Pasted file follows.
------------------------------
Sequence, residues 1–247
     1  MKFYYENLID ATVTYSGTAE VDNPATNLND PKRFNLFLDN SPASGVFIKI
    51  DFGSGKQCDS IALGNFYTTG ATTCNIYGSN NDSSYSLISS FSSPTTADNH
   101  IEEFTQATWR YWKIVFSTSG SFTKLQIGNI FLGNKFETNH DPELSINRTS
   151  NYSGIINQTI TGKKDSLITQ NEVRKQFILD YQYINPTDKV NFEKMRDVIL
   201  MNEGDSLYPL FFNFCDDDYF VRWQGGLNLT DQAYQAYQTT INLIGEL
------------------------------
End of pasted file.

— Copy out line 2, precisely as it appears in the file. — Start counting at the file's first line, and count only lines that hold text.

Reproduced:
     1  MKFYYENLID ATVTYSGTAE VDNPATNLND PKRFNLFLDN SPASGVFIKI